JA: Most issues don’t have themes…[they] are open. The upcoming one in June…will be open too. The process usually—it varies a little bit from issue to issue—but usually, let’s say, there’s four editors. Typically, we would be open to submissions for a month, each editor would read for a week, and make however many picks. Then we’ll take all those picks and put them together. And then from that overall number, let’s say 50 poems, we’ll pick 20.

So that’s when it gets really interesting because there’s all of these discussions. So, people are making a case for this and that poem, and that’s always interesting because people shed light on why they think this or that works. As an editor you’re tying to be objective as possible. You want to be able to see excellence outside your preference. That’s how I looked at it. As editors we agree that we’re not looking for a homogenous thing, we want to recognize a variety of things, that are all excellent in their own way. Usually we work through it all very well (“You’d be surprised about how heated someone can get about a poem,” Amen said, laughing about the initial bumpiness of this process during the early stages of Pedestal. “But I guess that’s a good thing!”) The interpersonal dynamics not only yield a better mix of work, but you also learn something, and are asked to operate in a way you might not otherwise, and to dialogue in skillful ways. Life-learning as well as an aesthetic exercise…The great thing about art are the conversations that can come out of it.

AF: I wanted to talk about cover design and how you pick what goes on the cover, if it reflects the pieces. Also, some of the poems have recordings along with them, so I wanted to ask about the decision making behind that.

JA: We say to the poet, are you able to include audio? Usually about half, or more than half, send us an audio, which I like. I think it’s a nice element. To be able to read it and then hear it, or hear it and read it together. It’s one of the advantages of being online, you have that kind of capability. More and more, that technology is becoming pretty usable, even for poets (laughs) who are notoriously not tech-savvy.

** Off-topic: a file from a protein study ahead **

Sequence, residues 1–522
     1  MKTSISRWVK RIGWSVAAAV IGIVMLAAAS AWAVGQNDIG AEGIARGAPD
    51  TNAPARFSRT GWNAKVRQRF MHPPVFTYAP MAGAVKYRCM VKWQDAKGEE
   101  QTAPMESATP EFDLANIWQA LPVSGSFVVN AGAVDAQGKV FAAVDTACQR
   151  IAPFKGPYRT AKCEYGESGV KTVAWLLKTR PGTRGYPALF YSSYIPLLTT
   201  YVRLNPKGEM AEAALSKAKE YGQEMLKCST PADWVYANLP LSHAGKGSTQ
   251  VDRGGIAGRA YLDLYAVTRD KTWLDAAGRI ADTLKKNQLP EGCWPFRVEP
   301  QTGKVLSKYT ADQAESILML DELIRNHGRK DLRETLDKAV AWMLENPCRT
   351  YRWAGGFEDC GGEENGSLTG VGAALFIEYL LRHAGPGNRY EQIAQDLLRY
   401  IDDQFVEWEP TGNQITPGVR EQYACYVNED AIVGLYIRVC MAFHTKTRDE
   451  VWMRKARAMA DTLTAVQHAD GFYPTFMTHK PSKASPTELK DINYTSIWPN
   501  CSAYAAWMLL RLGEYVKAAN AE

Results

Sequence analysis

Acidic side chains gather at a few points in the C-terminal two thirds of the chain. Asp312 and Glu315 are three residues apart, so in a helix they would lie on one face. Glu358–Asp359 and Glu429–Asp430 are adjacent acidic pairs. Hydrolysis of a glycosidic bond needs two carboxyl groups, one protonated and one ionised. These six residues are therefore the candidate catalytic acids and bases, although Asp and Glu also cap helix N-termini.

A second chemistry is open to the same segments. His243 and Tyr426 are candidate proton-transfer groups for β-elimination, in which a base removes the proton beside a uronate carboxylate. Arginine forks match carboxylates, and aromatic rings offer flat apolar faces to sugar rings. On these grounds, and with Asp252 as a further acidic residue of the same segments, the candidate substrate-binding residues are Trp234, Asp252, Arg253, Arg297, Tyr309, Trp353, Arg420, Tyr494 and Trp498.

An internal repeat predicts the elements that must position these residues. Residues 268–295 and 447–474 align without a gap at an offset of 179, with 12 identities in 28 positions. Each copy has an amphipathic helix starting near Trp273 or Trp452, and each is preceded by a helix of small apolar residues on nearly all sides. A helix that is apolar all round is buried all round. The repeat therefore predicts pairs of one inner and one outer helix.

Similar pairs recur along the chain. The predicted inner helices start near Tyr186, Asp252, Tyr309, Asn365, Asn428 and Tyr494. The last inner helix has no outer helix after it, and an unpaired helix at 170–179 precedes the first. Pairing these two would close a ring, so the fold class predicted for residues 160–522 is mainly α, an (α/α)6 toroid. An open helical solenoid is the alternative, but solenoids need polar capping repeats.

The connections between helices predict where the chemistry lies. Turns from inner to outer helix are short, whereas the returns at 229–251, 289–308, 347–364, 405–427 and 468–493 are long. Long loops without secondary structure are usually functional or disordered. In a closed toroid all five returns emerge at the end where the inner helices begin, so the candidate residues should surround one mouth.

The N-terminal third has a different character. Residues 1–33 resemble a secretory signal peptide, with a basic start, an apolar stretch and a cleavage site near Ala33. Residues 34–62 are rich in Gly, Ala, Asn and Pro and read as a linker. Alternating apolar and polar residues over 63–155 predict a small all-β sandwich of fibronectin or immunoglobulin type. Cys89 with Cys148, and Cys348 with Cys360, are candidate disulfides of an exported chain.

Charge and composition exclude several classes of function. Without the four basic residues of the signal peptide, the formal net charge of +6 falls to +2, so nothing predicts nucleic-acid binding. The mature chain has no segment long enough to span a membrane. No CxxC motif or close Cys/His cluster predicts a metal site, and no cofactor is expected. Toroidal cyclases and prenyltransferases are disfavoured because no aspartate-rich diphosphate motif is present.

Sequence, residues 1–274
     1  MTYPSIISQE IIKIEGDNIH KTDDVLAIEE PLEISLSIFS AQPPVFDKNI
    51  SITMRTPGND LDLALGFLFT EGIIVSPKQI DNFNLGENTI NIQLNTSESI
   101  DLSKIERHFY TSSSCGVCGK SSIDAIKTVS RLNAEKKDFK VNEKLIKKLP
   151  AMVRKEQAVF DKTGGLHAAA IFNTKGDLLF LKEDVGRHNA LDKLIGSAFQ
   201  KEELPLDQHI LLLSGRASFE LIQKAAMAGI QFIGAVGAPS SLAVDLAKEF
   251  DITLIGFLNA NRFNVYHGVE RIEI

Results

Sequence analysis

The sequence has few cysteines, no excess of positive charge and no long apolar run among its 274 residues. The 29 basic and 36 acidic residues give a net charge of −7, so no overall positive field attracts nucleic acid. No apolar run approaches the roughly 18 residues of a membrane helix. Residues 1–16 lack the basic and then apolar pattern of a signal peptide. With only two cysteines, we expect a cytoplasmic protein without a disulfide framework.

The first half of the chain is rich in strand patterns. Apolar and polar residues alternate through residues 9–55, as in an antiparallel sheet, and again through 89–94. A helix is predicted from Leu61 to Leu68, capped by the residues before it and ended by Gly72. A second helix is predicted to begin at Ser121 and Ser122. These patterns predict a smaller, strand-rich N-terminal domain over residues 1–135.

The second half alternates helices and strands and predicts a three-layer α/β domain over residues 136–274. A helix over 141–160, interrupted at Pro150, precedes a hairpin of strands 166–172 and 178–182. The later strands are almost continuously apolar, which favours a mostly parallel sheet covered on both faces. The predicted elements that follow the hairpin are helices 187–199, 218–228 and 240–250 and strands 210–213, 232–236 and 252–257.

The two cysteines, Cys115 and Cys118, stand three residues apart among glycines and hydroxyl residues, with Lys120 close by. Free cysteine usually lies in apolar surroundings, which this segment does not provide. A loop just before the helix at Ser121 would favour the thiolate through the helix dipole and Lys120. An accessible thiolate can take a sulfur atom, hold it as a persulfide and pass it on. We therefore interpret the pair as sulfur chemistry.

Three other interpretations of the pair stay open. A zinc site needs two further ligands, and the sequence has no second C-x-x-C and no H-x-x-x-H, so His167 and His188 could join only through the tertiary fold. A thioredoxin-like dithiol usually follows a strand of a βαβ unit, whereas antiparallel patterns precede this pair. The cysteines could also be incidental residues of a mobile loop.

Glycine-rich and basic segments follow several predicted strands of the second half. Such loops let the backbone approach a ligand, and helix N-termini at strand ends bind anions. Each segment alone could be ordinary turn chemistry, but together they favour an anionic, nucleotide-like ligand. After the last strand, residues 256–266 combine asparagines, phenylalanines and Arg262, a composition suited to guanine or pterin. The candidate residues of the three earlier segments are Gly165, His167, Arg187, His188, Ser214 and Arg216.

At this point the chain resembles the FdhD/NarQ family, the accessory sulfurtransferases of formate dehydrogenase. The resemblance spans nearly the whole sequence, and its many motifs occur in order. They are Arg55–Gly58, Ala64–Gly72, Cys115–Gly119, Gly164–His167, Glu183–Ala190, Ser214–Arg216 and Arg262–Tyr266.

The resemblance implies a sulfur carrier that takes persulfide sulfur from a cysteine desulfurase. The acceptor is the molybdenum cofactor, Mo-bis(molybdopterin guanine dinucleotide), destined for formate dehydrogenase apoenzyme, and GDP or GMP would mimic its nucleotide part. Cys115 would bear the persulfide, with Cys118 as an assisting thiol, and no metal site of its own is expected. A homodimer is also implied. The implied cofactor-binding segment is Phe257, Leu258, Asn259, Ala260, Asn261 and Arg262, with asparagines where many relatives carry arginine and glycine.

As far as the art, it’s somewhat random. sometimes I’ll see something posted somewhere and just think, wow that’s a great image! We also get submissions, people send art. We don’t have an actual call for submission for art, but sometimes we’ll pick one from there. A lot of times, I’ve just got an eye out. It could be on social media. We went to a gallery one time, got in touch with the artist, and we went from there. Something kind of spontaneous, and magical about it.

AF: I just wanted to pick your brain about your passion for poetry, and your thoughts on it.

JA: That’s a big question. What appealed to me when I was really young was there seems to be something about how language is used in poetry that seems particularly alchemical in a way. There’s something where you’re using language to go beyond language. I can reflect now and I realize that there was something redemptive about it for me as a young teenager. Through poetry there was a kind of validation that could happen. Redemption seems like an exaggeration but not really. There was and there still is something redemptive about it. For me, in a way, poetry can transform suffering into something beautiful, you know? People say, “Oh that’s a sad poem.” Well, not really, not necessarily. Yes, I suppose that you could say this content is sad but the process of putting those conscious and unconscious experiences into language in that way is very life-affirming. It goes beyond the kind of utilitarian uses of language. There’s something that takes you beyond yourself, and beyond the world, and beyond language itself. That’s a pretty powerful thing to engage in.

We went on to discuss music, music reviews, as well as music’s similarities to and relationship with poetry. Amen also discusses asking writers, poets, and other individuals that left an impact on him, citing James Baldwin, John Ashbery, Jesmyn Ward and W.S. Merwin. When talking about the books that impacted him in his youth, such as a collection of Greek myths and a poetry collection titled Naked Poetry, it became a discussion about the evolving relationships between people and art, as well as the impact of writing, music, and art on young creatives. John Amen and Pedestal Magazine represent the type of mentorship and guidance that all young writers and poets can hopefully experience during their journeys as artists.